Michelle Williams’ love for music was born in the St. Paul Church of God in Christ in Rockford, Ill.
As a member of the St. Paul choir, the budding performer became an incurable fan of gospel. And with the encouragement of her musically adventurous father, she soon picked up a huge range of musical styles, from Sting and Bon Jovi to the Yellowjackets and Chaka Khan.
It wasn’t long before Williams, 32, turned all those influences into a successful career. She joined Destiny’s Child in 1999, playing an integral role in one of the most successful pop groups of the past decade. Since then, she’s released three solo records and appeared in major musical theater productions on Broadway, in London’s West End and theaters across the United States.
On Friday and Saturday, fresh off an appearance with her Destiny’s Child colleagues at the Super Bowl in February, Williams will appear at Shea’s Performing Arts Center with the national tour of “Fela!” In that show, about the life and career of the influential Nigerian composer and singer Fela Kuti, Williams plays Kuti’s love interest Sandra.
In a phone interview, Williams said her career’s turn toward Broadway was unexpected.
“As a child, I just wanted to sing, not knowing that I would also be singing in Broadway musicals and not just on the stage to screaming teenagers,” she said. The structure of Broadway and the more liquid nature of pop performance are two different modes she’s equally comfortable with.
“With Broadway, you’ve got to really kind of stick to what’s written, all the notes. You can’t be doing a lot of free-styling and riffing unless the song calls for it. But Broadway is pretty straightforward and regular,” Williams said. “It ain’t church.”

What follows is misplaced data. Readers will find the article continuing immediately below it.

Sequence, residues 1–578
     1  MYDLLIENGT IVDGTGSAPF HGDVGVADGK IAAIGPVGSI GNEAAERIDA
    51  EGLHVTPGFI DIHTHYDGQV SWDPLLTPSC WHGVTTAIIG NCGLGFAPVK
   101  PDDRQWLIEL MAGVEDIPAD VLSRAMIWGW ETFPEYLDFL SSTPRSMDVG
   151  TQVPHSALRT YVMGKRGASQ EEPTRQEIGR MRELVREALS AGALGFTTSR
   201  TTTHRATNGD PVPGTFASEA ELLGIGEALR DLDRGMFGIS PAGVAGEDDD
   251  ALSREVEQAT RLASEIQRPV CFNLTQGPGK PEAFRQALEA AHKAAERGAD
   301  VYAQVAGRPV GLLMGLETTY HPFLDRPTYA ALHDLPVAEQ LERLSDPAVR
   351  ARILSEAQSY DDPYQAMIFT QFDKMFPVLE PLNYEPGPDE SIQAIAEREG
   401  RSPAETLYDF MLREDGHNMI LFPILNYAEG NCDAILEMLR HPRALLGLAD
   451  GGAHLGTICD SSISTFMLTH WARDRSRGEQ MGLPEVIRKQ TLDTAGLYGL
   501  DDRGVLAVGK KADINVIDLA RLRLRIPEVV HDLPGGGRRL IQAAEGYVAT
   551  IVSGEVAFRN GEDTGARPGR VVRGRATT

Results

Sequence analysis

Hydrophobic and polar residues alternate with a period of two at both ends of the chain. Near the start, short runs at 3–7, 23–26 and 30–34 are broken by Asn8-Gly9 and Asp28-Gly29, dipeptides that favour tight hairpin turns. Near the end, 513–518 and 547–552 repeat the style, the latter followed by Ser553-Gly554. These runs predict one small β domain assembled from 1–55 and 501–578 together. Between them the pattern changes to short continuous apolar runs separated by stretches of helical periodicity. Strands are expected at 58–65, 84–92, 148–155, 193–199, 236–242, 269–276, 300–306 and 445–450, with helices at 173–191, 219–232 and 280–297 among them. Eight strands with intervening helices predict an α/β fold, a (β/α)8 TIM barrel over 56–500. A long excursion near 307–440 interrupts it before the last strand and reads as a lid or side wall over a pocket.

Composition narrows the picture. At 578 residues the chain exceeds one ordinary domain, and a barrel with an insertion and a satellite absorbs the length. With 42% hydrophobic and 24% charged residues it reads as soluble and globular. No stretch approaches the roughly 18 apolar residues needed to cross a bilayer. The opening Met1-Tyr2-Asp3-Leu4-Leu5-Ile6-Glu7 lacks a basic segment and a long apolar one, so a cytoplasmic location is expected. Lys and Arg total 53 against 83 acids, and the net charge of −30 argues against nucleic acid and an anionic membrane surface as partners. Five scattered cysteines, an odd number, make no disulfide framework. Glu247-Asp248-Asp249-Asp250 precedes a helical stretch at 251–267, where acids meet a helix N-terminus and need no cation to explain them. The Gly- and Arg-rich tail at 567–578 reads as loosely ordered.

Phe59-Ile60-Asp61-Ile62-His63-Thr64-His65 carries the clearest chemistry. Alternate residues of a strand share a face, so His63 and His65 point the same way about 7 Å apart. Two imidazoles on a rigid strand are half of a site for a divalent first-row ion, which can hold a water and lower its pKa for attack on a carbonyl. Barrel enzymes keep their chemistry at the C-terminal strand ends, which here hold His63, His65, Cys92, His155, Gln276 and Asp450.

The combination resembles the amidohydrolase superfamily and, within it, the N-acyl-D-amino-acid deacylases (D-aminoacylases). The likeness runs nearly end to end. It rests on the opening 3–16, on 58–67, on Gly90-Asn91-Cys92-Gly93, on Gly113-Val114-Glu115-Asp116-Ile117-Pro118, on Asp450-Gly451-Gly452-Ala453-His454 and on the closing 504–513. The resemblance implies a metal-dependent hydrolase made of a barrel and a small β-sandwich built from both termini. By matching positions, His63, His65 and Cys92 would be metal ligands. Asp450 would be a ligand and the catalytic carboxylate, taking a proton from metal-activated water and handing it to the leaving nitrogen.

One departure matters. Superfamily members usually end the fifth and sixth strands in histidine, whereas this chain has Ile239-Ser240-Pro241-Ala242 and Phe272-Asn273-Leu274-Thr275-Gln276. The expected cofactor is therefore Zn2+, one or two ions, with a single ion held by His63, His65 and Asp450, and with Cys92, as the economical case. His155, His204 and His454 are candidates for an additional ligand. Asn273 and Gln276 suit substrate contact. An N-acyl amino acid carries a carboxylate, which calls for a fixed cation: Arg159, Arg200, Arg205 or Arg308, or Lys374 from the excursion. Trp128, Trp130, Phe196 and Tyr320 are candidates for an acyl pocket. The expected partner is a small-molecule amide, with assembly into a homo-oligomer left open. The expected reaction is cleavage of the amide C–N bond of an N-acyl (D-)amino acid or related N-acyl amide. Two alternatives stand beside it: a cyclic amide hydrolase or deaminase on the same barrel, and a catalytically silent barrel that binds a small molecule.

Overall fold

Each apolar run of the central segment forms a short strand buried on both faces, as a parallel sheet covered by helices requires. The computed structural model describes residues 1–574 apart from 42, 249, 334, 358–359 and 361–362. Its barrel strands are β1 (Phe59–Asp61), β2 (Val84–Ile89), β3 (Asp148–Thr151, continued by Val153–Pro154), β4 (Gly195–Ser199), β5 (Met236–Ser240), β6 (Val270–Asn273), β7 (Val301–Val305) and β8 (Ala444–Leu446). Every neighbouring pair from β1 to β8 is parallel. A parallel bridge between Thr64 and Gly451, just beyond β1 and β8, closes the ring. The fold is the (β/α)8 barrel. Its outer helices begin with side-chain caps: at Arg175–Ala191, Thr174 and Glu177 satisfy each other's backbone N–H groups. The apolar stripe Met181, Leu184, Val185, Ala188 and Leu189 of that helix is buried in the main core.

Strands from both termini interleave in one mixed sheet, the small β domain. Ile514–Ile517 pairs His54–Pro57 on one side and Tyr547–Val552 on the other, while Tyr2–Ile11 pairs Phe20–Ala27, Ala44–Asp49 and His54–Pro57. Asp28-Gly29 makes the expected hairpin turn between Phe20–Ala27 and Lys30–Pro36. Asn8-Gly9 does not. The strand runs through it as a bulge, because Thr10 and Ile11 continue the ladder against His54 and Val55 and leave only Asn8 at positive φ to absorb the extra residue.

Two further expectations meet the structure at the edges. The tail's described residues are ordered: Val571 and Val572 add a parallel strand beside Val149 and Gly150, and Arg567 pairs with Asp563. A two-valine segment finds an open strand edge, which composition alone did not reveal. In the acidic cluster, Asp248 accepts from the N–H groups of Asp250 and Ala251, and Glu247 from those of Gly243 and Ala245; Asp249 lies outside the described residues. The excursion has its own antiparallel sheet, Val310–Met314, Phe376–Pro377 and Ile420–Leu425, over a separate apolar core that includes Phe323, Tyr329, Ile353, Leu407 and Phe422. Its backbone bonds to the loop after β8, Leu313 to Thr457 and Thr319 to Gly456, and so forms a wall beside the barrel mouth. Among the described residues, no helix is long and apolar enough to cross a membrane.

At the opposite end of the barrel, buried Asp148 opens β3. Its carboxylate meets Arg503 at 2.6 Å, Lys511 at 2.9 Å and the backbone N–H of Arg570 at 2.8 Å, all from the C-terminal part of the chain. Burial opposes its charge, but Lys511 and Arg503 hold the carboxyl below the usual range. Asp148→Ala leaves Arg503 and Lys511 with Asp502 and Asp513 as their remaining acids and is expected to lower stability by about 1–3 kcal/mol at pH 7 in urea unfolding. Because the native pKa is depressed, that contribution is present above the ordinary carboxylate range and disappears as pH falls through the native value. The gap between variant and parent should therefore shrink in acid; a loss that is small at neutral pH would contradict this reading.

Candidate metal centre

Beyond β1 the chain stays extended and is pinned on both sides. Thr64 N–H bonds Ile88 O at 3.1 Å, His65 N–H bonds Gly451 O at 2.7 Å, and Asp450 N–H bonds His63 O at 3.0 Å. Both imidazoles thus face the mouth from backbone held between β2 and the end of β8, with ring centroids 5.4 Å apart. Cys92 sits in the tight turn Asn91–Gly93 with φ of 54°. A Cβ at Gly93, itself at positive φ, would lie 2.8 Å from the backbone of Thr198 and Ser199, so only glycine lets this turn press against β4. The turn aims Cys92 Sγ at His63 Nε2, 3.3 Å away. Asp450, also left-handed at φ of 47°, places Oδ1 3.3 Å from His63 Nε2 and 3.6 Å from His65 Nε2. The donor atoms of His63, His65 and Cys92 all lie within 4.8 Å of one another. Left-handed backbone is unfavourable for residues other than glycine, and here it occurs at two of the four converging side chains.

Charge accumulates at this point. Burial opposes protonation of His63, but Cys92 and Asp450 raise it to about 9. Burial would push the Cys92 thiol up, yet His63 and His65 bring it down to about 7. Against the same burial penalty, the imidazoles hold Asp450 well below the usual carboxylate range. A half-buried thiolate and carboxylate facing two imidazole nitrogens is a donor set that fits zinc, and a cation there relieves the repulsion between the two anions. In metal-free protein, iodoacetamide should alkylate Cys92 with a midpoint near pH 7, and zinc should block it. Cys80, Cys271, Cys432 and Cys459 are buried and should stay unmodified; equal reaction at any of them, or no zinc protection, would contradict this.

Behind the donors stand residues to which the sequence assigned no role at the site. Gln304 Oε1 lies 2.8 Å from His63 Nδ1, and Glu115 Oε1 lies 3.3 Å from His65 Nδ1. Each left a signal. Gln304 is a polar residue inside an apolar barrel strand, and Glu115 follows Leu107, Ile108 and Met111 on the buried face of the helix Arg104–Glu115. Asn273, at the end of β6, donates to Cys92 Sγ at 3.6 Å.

Even so, Williams gets an opportunity to let loose in “Fela!” during a pair of songs, “Lover” and “Iba Orisa,” based on a traditional Yoruba chant.
“In two songs [in ‘Fela!’], they always tell me to do my thing and let go and I’m like, ‘Are you sure?’ Because I grew up in church. I’m telling you, my ‘let go’ is church,” she said. “They’re like, ‘Do your thing.’ And I’m like, ‘Alright!’ ”
Williams’ character, based closely on the activist and musician Sandra Isadore, introduces Kuti (played on alternate nights by Adesola Osakalumi and Duain Richmond) to African-American culture after he moves to the United States.
“When he came to America, I’m the one he fell in love with. And then I just began to teach him things, studying books, reading about Malcolm X, Martin Luther King, Angela Davis, Stokley Carmichael, just teaching him about our history and letting him know that we all have the same struggles, no matter what country,” she said. Of Kuti’s music, Williams said, “He’s like James Brown, Bob Dylan and Bob Marley in one person.”
Williams plans to release her fourth solo album, as yet untitled, in the summer. She said the project will include “some influences of everything I’ve done,” up to and including some echoes of Fela Kuti.
When: 8 p.m. Friday and Saturday
Where: Shea’s Performing Arts Center, 646 Main St.
Tickets: $27.50 to $47.50
Info: 847-0850 or www.sheas.org